New program offers AP courses to rural ND students
FARGO—In the past two years, more than 3,800 North Dakota students have earned more than 10,500 hours of college credit, which represents about $3 million in tuition savings.
Now, a new program will allow even more high school students in the state—specifically those from rural areas—to take Advanced Placement courses next school year.
Superintendent of Public Instruction Kirsten Baesler announced Wednesday, March 14, that schools are encouraged to sign up for the Virtual College Readiness program, which offers AP courses in science, computer science, math and English.
The program is part of the National Math and Science Initiative, a nonprofit organization supported by ExxonMobil on behalf of XTO Energy Inc. and other companies to improve education and teacher training.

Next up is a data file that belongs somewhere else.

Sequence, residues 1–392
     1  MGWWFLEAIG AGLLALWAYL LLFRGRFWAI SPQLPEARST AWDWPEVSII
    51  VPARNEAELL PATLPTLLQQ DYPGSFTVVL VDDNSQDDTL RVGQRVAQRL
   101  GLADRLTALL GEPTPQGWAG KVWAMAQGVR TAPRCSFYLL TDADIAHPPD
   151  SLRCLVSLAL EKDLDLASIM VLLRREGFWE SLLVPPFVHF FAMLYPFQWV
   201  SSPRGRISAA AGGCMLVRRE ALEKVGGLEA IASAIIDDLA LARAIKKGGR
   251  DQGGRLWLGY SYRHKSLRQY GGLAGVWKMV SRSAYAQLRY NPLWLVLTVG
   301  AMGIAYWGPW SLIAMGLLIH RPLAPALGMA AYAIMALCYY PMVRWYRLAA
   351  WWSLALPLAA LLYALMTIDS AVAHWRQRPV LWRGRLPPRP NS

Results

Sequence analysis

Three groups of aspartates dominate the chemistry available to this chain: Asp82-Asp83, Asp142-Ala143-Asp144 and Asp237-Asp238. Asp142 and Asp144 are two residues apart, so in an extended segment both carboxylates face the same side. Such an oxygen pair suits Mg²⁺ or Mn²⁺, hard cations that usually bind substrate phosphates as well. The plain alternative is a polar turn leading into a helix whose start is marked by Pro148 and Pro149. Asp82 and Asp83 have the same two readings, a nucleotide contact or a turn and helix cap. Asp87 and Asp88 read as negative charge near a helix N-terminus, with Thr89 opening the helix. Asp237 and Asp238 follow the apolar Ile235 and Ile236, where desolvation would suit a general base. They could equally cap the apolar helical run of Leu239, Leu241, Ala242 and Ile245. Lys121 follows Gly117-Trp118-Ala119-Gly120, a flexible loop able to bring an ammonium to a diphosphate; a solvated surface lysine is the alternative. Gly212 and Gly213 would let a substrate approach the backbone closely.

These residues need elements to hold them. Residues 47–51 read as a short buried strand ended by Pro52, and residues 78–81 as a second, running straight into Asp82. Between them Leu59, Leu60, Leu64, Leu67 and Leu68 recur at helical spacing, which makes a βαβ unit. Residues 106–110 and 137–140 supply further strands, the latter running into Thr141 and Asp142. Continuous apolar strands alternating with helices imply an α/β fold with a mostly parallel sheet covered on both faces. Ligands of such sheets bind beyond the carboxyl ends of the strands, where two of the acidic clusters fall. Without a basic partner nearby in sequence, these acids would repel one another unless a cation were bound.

Through the program, students can take courses for free, and they get a $100 bonus if they score well on a proficiency test at the end. Thirteen North Dakota high schools in Arthur, Bismarck, Devils Lake, Fargo, Grand Forks, Mandan, Minot and West Fargo currently take part in the program, which is taught by instructors in those schools.
Baesler said under the new virtual program, classes will be available online at any North Dakota high school that wants to sign up. The courses are taught remotely rather than by instructors physically in the schools. NMSI will provide instructors, course supplies, study mentors and other assistance.
Any North Dakota high school student is eligible to take at least one AP test at no charge during high school, as well as up to three additional exams at half price. Students from low-income families may take up to four AP exams without paying the normal exam fee, which is about $90.